Du har kost deg med Charlie og sjokoladefabrikken du også? Roald Dahls vidunderlig skrudde verden? Det er 20 år siden han døde. Donald Sturrock har skrevet en biografi: Storyteller. Han forsøker å forstå hvordan en mann kan utvikle seg til en vennlig, sadistisk barnebokforfatter. Neste gang du beklager deg over din skjebne, kan du minnes dette:
Dahl had an idyllic childhood until the age of 3, when his older sister suddenly died and was followed, weeks later, by her heartbroken father. This was the beginning of a toxic tsunami of bad luck that would toss Dahl around for the rest of his life. When he was a boy, his nose was cut off in a car accident. (A doctor sewed it back on.) Then he was shipped off to boarding school in England, where he suffered all the traditional miseries. In World War II, he became one of the RAF’s most promising pilots—only to crash his plane, on his first official day of flying, in the Libyan Desert. As he lay there fighting for consciousness—his skull fractured, his spine wrenched out of place, his eyes swollen shut by burns, his poor reattached nose driven back into his face—his airplane’s machine guns, stoked by the heat, started shooting at him…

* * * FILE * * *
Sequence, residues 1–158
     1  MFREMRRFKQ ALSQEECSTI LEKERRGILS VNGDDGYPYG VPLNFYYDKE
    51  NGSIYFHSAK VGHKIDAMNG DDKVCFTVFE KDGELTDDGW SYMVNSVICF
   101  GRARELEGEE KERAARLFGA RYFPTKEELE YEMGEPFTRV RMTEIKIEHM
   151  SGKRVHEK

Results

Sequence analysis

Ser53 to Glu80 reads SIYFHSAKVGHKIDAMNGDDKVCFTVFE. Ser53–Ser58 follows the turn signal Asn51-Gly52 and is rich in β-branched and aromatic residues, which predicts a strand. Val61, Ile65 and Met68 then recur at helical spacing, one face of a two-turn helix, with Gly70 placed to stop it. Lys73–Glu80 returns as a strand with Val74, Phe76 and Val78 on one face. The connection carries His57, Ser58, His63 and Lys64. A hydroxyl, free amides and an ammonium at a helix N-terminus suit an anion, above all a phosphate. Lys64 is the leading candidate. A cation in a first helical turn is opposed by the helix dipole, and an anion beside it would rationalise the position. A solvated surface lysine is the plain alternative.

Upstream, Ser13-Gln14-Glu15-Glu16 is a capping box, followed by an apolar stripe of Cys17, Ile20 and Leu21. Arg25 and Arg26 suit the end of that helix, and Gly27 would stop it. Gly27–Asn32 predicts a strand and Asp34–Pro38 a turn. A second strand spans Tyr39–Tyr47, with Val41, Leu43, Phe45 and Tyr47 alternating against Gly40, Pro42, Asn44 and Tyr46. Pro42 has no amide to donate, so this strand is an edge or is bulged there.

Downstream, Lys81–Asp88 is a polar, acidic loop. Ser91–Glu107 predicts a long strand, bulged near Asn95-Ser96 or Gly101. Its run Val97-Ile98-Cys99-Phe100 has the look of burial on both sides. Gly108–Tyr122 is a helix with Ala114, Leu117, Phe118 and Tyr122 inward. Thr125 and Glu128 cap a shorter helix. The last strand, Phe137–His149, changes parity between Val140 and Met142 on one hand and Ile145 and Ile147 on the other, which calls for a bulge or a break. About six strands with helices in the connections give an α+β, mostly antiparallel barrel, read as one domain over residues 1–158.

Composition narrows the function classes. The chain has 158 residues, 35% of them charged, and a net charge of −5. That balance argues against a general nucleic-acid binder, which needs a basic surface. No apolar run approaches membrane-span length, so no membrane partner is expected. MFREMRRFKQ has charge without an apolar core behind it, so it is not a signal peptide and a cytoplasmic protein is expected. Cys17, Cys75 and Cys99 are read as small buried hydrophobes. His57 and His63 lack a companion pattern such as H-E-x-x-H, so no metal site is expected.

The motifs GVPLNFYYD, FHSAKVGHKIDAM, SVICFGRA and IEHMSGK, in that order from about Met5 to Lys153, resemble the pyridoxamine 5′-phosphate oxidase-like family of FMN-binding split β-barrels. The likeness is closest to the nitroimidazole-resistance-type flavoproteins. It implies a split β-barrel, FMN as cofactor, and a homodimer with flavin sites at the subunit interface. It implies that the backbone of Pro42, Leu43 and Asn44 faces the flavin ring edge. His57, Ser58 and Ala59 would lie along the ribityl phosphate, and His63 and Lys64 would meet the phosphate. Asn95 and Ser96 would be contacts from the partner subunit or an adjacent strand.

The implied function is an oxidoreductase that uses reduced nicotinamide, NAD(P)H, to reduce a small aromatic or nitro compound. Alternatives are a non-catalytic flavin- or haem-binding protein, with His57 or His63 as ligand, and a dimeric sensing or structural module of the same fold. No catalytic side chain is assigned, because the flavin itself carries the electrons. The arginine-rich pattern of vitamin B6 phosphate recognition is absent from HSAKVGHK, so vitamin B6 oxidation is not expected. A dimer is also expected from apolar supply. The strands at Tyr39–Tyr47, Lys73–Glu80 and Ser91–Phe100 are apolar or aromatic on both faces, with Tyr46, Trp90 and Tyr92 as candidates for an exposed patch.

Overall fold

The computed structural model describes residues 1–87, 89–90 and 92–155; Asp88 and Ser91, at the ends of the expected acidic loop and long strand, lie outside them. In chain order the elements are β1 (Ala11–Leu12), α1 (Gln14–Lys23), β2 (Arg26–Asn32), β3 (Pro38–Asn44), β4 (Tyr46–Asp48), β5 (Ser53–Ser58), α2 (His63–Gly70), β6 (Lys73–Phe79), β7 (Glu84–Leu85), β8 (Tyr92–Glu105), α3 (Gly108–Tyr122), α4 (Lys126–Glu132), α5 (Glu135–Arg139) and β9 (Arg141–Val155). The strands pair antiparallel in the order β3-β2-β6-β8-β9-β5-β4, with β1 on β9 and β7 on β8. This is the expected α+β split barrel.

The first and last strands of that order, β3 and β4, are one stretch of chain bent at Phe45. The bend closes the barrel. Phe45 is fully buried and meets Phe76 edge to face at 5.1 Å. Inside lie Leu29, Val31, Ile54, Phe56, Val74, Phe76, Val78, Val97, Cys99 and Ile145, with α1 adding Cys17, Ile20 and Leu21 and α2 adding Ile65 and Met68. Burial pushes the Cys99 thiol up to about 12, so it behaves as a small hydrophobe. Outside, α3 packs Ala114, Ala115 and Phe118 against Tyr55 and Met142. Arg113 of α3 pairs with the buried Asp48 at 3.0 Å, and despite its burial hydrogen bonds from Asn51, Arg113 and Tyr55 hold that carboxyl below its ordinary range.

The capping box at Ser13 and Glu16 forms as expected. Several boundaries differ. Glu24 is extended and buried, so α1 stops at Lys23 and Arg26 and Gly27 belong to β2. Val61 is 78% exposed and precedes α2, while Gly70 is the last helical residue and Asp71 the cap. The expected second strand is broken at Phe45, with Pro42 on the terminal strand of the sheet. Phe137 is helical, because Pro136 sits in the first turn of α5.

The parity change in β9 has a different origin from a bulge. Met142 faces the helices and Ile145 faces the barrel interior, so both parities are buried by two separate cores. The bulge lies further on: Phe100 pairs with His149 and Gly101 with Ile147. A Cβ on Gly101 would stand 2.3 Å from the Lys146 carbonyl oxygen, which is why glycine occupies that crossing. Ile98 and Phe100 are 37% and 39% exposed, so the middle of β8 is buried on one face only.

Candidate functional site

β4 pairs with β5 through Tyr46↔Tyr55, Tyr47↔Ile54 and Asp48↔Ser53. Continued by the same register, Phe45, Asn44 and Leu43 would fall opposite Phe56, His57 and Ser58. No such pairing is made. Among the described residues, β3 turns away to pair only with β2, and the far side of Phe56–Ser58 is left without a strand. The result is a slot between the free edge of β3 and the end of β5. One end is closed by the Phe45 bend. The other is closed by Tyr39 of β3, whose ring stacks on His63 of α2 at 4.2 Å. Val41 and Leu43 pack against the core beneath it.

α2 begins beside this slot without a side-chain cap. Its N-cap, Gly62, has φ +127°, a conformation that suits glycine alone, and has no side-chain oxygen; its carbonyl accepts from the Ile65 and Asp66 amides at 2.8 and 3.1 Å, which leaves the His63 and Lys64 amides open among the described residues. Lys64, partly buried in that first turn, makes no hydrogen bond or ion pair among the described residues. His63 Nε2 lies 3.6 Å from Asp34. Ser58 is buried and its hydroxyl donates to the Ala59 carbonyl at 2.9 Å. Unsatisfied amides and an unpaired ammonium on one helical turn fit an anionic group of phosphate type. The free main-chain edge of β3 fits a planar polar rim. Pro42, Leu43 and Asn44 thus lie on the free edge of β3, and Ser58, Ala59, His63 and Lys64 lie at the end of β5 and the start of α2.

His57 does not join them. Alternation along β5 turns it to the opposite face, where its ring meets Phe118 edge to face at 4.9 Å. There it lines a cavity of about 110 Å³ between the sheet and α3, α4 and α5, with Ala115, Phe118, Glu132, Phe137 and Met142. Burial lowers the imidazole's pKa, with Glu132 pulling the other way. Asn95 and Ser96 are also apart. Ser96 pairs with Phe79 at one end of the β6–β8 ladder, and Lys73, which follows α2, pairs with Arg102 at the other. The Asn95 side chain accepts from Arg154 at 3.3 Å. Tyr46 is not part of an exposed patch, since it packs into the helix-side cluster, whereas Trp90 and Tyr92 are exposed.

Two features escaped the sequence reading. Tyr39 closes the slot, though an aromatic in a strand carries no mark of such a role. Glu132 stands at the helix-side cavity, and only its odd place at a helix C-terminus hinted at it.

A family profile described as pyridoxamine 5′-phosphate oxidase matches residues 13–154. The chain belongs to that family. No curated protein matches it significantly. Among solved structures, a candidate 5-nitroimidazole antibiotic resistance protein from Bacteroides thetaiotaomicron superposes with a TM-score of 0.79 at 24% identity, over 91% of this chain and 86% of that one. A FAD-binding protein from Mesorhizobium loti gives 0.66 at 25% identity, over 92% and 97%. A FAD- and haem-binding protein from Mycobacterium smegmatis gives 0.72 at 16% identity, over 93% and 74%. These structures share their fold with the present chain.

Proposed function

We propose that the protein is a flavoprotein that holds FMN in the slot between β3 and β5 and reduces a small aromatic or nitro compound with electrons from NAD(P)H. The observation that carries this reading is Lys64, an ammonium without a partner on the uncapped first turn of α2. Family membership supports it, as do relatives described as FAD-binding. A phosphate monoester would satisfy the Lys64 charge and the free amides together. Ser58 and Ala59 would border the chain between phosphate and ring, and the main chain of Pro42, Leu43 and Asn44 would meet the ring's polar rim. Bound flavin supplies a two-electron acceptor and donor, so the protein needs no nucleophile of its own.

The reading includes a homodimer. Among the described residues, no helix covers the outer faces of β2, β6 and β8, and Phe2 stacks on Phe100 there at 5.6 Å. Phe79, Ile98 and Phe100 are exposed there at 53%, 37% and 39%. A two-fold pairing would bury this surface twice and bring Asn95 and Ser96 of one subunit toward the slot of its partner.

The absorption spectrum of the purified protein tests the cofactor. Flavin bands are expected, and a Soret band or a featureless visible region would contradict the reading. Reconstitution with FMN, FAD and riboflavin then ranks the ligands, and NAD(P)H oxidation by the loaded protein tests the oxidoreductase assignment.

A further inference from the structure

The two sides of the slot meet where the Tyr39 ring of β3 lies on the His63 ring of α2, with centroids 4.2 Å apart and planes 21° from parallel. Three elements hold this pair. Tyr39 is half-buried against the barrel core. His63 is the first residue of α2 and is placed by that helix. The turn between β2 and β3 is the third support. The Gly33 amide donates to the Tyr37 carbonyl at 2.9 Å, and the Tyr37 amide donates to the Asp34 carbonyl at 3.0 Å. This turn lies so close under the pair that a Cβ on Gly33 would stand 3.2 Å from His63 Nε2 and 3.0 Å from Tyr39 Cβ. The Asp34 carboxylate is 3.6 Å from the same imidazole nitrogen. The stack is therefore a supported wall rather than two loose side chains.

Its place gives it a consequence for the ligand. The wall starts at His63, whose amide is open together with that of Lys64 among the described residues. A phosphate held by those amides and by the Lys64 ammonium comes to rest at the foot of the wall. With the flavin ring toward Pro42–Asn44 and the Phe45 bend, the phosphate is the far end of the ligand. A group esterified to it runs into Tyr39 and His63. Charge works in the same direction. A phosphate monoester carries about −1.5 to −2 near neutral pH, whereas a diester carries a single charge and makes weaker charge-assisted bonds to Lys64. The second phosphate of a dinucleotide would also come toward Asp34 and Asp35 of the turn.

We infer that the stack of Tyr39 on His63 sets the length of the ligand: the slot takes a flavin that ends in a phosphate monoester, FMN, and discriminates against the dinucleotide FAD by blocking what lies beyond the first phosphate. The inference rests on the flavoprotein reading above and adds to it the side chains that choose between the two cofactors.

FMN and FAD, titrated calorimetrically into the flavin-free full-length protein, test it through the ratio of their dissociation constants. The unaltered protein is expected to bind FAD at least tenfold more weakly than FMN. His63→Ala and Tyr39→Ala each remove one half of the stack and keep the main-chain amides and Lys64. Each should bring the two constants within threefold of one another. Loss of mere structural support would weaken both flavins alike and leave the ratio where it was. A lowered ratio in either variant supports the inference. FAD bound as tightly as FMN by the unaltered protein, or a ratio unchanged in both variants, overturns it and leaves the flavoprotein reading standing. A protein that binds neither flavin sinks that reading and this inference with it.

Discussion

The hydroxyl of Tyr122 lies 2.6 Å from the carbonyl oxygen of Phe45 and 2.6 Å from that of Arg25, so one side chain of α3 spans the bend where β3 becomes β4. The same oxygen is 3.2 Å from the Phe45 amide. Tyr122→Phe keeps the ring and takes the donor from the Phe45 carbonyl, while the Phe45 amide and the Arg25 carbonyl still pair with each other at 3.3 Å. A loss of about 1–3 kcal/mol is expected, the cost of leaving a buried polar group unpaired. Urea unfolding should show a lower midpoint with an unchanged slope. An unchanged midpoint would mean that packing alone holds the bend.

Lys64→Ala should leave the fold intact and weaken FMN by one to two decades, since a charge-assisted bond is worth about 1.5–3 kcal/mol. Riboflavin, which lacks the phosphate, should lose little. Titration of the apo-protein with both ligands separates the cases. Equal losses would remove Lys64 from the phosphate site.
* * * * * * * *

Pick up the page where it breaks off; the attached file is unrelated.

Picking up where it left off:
When Dahl became a parent, the bad luck continued. In New York, his 4-month-old son was hit so hard by a taxi that his baby carriage flew 40 feet and slammed into a parked bus, shattering his skull. (He survived, barely.) Two years later, Dahl’s 7-year-old daughter died of a rare brain inflammation after getting measles. Then his 39-year-old wife, the actress Patricia Neal, had an aneurysm and fell into a coma for three weeks.
Anbefales neppe som oppskrift på godt forfatterskap.